How to treat staff
Could they be better off if we treated them like machines?
I think we can all agree that in general the golden rule of treat others how you wish to be treated applies. But corporate America has fallen so far that our advice is:
Treat staff like machines you respect.
Odd advice we know. Yet if your car begins to sputter you don't yell at it and call it lazy, you realize that it's work depends on it having the ability and resources to do it's job. In this case you get it more gas. If that doesn't work you hire a professional to help work out it's kinks (what training was missed or never existed).
If an employee seems overwhelmed, it's our job to follow the crash course in management and first make sure they were given the training, resources and time to do their work. And then make sure that supportive staff exist that have been effectively trained, with proper resources and time to do their work.
There's a Chinese proverb, "If you want something done, give it to a busy person." It simply means that the reason why busy people are busy, is because they have a drive to get things done and are a person you can turn to. But that's not a management strategy. If you find certain employees can't carry their load, you don't just pile more and more and more on your hard workers, you work to help the other machines get better to better carry their load.
Management is far more about common sense than kindness. It's actually messed up to be overly kind with your words to an employee while continuing to neglect the fact that no training materials or videos exist for them, most of the work fall onto their shoulders with no recognition or increase in pay over employees that are asleep at the wheel and a large portions of the staff around them still have no idea how to do basic tasks, requiring them to also now answer painfully basic question while trying to carry inhumane workloads. Being mean to that same employee is so evil, Darth Vader would be appalled, I mean at least he had standards right?
Yet, as described in our crash course in management, the actual way management be kind to their staff is by doing their jobs. Team morale rises on it's own when each team member gets proper training and support to do their work, always with a belief in their potential than punitive in nature.
There's no real reason to come down on employees that mess up. Only training matters. If you feel their personal life is affecting work, as is the case with most folks, send them our page on the combat of wellness.
We all know that if we keep messing up, and just don't make it that we will be let go. There's no reason to add disrespect, anger and punishments into the mix.
And thus we say treat your staff like machines. Don't yell at them if they're not operating how you wish, find out what's going on and give the training, resources and times needed to succeed. If you're not giving them the time they need to do quality work, it's your liability when mistakes occur. If you don't give them the resources they need to do quality efficient work, don't expect a perfect product or for them to be equally efficient as if they were properly outfitted. And if they weren't given actually training on how to do their work, or if training materials don't even exist, then don't come down on them harder for not producing.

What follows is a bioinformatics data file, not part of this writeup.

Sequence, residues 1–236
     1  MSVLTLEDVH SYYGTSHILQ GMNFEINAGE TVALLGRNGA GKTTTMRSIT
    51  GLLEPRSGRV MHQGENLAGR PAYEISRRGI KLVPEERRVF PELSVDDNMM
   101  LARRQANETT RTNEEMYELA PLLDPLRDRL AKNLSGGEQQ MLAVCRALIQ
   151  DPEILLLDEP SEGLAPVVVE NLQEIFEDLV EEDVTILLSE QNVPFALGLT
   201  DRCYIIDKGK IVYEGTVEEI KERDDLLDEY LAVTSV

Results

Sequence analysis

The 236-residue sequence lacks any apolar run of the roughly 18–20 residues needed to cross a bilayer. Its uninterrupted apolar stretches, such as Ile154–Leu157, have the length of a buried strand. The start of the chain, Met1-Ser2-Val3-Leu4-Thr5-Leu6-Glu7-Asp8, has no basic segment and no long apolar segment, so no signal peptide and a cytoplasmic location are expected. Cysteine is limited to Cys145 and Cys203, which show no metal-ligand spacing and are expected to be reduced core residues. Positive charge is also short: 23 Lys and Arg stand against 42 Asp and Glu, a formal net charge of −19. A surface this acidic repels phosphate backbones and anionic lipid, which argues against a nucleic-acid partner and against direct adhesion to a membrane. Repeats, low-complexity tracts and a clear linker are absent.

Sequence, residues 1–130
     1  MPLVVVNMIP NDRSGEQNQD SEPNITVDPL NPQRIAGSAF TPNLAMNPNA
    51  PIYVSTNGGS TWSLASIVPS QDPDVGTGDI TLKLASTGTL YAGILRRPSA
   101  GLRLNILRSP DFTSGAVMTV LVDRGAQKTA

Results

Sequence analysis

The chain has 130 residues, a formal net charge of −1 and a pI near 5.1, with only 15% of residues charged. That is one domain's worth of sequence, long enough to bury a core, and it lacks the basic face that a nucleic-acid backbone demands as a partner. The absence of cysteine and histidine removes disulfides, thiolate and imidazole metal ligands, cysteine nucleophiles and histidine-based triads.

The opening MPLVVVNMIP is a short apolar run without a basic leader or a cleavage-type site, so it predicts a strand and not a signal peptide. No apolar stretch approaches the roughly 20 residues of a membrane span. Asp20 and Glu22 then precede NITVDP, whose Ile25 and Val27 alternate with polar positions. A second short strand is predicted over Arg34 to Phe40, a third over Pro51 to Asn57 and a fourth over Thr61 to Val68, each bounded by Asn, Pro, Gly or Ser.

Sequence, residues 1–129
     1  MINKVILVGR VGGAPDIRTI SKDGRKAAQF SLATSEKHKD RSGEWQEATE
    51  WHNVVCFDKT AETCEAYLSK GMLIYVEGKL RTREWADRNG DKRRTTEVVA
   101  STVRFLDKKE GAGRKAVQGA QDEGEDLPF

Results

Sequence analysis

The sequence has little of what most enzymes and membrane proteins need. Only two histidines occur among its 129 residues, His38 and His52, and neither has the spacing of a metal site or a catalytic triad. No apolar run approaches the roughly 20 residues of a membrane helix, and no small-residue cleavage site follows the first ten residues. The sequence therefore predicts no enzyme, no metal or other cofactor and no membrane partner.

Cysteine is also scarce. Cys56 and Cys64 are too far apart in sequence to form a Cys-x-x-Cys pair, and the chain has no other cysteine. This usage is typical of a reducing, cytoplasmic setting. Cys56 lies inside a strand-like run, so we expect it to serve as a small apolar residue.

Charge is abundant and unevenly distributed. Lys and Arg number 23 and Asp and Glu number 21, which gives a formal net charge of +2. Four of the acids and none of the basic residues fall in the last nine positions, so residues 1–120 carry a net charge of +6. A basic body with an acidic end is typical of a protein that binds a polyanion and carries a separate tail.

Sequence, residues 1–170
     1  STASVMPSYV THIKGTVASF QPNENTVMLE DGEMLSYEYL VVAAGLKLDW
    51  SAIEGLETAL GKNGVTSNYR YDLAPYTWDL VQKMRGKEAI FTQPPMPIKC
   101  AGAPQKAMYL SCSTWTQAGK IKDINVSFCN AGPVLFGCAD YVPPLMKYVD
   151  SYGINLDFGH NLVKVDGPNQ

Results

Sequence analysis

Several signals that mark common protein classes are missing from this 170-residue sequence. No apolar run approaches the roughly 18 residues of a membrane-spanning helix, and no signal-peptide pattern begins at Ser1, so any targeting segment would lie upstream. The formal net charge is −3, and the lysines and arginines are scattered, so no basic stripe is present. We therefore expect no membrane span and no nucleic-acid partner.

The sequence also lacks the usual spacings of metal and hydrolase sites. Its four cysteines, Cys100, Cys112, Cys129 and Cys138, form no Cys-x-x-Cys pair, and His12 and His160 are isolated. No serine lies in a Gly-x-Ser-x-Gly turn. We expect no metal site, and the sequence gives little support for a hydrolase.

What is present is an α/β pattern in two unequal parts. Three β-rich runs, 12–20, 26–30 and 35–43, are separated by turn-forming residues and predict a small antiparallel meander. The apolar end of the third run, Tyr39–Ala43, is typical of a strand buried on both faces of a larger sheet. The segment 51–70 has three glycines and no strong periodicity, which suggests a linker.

So lets stop missing the point and give our employees the support they need. Including protecting them from unruly customers, clients and so on that don't even have an intention to do business with us. There's no reason to have a 'see every customer approach' when the customers that are the least willing to do business are also the most likely to sue us and cause actual harm to our premises, especially in the medical field. Other industries are in a tough spot where their survival does depend heavily on their customer service. Yet still, unruly customers are more likely to ruin the experience for other customers.
In addition to the above, leading with signs of respect and belief in the betterment of those under you, while protecting them from unnecessary burdens, will always yield the best results.
What's ironic is that the above doesn't really take that much work. Yet the business losses we face without them will literally threaten the longevity of our businesses.
We want our staff to take ownership of our companies but also refuse to reward them for completing highly productive days. We want them to become more efficient but refuse to let them leave a little early with a days pay, giving zero incentive for anyone but the hard workers to, well, work hard. Giving staff 'can go home' targets is a great way to increase productivity and profits. It's also the only way to teach a team the meaning of efficiency and effectiveness over time. Otherwise the clock drags on with the sands of time representing a painful sloth monster that slowly consumes our life, until our strong desire to become a part of society and the workforce also breaks.
The final thing I'd recommend managers and leaders do is to sit in a public place and try to feel what others are feeling behind their professional masks. If someone is openly showing signs of depression, pain or misery, realize that their pain is actually 100x worse. Somehow leadership has become so blind to the pain of their staff that "tantrums" and met with condemnation. Overwhelm is met with 'attacks on their character and freedoms due to imperfect signs of their character.' Mistakes are met with condemnation instead of the above checks. Lateness is met with attacks without realizing that lack of the above is actually oppressions that will be affecting their personal life and ability to sleep.
In closing, lets give our staff the training, resources, time and freedoms they need in order to succeed. If a manager is doing everything else, and refuses to do the above after talking to them.
Find another one.